LA CHARITE, a town of central France in the department of Nievre, on the right bank of the Loire, 17 m. N.N.W. of Nevers on the Paris-Lyon-Mediterranee railway. Pop. (1906) 3990. La Charit6 possesses the remains of a fine Romanesque basilica, the church of Sainte-Croix, dating from the nth and early 12th centuries. The plan consists of a nave, rebuilt at the end of the 17th century, transept and choir with ambulatory and side chapels. Surmounting the transept is an octagonal tower of one story, and a square Romanesque tower of much beauty flanks the main portal. There are ruins of the ramparts, which date from the 14th century. The manufacture of hosiery, boots and shoes, files and iron goods, lime and cement and woollen and other fabrics are among the industries; trade is chiefly in wood and iron.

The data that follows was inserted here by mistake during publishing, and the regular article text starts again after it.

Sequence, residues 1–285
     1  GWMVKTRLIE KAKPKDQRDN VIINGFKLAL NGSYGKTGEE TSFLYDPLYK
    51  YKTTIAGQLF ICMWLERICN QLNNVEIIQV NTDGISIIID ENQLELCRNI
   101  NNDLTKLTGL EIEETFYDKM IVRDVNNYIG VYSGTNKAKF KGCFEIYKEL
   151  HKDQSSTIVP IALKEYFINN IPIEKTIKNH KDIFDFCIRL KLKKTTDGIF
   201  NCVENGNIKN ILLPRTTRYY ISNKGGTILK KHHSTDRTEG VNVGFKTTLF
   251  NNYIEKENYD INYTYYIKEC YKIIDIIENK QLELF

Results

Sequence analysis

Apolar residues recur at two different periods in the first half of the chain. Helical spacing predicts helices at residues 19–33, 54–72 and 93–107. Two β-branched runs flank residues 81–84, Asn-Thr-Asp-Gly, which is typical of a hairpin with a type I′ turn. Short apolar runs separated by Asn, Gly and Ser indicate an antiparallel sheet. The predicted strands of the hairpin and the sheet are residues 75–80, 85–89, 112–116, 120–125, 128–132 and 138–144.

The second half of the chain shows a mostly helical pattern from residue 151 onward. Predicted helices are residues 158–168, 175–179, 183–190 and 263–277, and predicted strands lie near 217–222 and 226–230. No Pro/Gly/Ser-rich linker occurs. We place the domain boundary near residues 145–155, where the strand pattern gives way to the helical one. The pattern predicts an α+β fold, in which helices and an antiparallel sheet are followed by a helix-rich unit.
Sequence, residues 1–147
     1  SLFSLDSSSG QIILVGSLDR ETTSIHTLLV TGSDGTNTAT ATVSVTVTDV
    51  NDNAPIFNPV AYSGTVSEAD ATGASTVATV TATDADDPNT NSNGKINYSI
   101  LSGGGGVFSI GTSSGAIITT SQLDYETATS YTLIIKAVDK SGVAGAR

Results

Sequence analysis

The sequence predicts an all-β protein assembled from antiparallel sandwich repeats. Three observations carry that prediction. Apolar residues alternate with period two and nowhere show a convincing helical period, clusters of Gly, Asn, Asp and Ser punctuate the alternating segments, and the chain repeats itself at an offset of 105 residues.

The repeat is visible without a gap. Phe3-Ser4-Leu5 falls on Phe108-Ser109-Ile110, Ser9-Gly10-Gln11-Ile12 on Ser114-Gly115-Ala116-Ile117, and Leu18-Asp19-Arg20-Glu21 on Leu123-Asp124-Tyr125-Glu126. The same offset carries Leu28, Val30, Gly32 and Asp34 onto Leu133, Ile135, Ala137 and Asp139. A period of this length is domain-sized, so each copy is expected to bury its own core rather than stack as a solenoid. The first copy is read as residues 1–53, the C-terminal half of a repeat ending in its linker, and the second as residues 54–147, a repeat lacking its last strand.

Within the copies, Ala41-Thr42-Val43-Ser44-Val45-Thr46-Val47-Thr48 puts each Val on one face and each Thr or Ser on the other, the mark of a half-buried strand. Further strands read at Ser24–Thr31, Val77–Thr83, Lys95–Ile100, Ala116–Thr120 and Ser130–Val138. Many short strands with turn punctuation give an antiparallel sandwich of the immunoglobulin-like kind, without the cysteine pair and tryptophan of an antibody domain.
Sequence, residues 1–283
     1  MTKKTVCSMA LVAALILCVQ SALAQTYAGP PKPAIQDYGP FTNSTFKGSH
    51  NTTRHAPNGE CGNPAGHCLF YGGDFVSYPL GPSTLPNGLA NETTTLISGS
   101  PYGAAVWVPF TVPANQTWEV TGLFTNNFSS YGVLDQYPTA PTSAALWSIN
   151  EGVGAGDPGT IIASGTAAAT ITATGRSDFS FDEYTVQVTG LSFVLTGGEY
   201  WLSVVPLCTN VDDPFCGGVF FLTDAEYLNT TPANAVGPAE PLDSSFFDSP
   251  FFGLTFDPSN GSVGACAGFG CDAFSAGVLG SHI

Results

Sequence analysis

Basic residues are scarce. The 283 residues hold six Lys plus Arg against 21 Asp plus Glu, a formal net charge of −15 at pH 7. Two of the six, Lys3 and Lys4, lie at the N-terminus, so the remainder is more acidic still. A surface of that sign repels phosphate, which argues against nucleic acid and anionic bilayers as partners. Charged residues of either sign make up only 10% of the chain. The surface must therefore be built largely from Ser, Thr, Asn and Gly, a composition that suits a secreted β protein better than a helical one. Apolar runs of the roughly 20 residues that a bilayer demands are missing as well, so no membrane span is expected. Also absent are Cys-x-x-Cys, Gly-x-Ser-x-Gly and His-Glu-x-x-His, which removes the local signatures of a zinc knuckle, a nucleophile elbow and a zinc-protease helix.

La Charite" owes its celebrity to its priory, which was founded in the 8th century and reorganized as a dependency of the abbey of Cluny in 1052. It became the parent of many priories and monasteries, some of them in England and Italy. The possession of the town was hotly contested during the wars of religion of the 16th century, at the end of which its fortifications were dismantled.
Note - this article incorporates content from Encyclopaedia Britannica, Eleventh Edition, (1910-1911)